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ARS Home » Northeast Area » Orono, Maine » New England Plant, Soil and Water Research Laboratory » Research » Publications at this Location » Publication #242590

Title: Capillary Electrophoresis Profiles and Fluorophore Components of Humic Acids in Nebraska Corn and Philippine Rice Soils

item He, Zhongqi
item OHNO, TSUTOMU - University Of Maine
item Olk, Daniel - Dan
item WU, FENGCHANG - Chinese Academy Of Sciences

Submitted to: Geoderma
Publication Type: Peer Reviewed Journal
Publication Acceptance Date: 2/8/2010
Publication Date: 3/15/2010
Citation: He, Z., Ohno, T., Olk, D.C., Wu, F. 2010. Capillary Electrophoresis Profiles and Fluorophore Components of Humic Acids in Nebraska Corn and Philippine Rice Soils. Geoderma. 156:143-175.

Interpretive Summary: Soil humic substances are important components of organic matter in agricultural soils. However, due to their complexity, analyzing these substances presents significant challenges. We used two different techniques to analyze humic substances in the organic matter of a soil from Nebraska and a soil from the Philippines. We found that these components differ between soils and how they are managed. This information is useful for helping us understand soil organic matter and how it changes.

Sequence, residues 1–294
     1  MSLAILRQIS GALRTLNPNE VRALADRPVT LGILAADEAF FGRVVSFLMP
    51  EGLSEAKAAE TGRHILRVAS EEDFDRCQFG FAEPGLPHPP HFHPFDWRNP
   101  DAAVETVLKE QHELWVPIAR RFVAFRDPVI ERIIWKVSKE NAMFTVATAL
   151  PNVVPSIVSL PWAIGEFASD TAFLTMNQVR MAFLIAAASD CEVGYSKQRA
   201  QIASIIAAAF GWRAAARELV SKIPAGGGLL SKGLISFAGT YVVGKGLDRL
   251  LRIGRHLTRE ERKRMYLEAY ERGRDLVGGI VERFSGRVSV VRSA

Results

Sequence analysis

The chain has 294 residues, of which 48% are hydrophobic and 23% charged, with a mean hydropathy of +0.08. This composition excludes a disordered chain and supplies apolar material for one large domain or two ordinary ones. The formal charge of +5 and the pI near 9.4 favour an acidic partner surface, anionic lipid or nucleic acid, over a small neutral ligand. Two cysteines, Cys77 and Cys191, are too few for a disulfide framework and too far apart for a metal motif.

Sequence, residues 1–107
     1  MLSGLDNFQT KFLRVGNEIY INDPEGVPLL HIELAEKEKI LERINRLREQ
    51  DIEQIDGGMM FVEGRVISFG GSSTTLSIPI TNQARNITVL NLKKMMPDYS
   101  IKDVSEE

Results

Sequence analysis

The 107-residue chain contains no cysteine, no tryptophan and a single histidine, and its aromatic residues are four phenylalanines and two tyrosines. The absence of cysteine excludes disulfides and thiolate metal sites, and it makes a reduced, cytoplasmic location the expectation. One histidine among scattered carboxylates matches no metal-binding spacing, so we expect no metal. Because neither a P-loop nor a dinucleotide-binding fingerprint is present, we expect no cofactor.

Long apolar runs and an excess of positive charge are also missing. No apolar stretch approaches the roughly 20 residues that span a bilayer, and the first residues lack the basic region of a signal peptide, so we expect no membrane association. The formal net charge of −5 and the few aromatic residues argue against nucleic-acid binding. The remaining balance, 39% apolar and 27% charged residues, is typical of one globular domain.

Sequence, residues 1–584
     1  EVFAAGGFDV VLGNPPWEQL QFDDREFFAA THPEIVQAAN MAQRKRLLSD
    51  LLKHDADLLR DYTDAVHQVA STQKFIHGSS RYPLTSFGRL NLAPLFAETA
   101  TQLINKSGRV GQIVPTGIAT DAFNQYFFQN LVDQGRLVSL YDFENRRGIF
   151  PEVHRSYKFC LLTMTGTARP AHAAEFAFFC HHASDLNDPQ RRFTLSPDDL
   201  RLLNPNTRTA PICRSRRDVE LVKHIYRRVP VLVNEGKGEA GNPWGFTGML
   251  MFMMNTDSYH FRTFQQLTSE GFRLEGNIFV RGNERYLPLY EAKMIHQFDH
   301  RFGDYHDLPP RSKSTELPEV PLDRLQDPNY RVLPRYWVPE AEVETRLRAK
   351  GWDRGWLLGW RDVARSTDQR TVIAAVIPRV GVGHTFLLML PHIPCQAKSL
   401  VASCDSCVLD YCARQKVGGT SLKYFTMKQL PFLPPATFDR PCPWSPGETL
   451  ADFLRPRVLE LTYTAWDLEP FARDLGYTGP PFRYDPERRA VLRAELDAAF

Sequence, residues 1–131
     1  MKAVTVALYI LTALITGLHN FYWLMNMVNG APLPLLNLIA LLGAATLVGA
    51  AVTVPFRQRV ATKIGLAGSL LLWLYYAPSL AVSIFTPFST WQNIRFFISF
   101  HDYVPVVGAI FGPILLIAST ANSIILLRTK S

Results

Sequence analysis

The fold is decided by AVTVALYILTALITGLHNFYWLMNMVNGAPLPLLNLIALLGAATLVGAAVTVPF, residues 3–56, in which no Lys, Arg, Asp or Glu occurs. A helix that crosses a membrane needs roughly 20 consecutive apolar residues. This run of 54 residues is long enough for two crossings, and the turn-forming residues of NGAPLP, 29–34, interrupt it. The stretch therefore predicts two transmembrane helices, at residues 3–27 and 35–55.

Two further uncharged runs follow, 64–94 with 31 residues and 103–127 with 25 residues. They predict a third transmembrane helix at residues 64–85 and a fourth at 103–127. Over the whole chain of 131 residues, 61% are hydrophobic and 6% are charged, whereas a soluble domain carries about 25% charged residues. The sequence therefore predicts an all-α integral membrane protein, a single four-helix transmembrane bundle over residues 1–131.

Technical Abstract: As humic substances represent relatively high molecular mass polyelectrolytes containing aromatic, aliphatic and heterocyclic subunits, capillary electrophoresis (CE) has become an attractive method for “finger-print” characterization of humic acids. In addition, fluorescence excitation-emission matrix (EEM) spectroscopy is also a highly sensitive analytical method, providing information on flurophore properties of humic acids. However, basic information on the CE profile patterns and fluorophore components of humic acid fractions from different agricultural soils is rare. Consequently, we sequentially extracted the mobile humic acid (MHA) and recalcitrant Ca humate (CaHA) fractions from Nebraska corn soils and Philippine rice soils under different fertilization schemes, and acquired their CE profiles and fluorophore component composition. We observed greater differences in the CE profiles between soils than between management practices on the same soil, reflecting the distinct “finger-print” CE features of these soil humic fractions. Modeling analysis of EEM data indicated that four fluorophore components were present in these humic fractions. Whereas three have previously been reported in literature, we propose the features of the unknown component as being relevant to agricultural humic fractions. UV irradiation seemed to impact the Nebraska soils by disaggregating the humic fractions into their structural subunits, while impacting the Philippine soils by altering the functional groups of humic fractions. This research provides insight into the CE profiles and fluorophore features of humic acid fractions from different agricultural soils.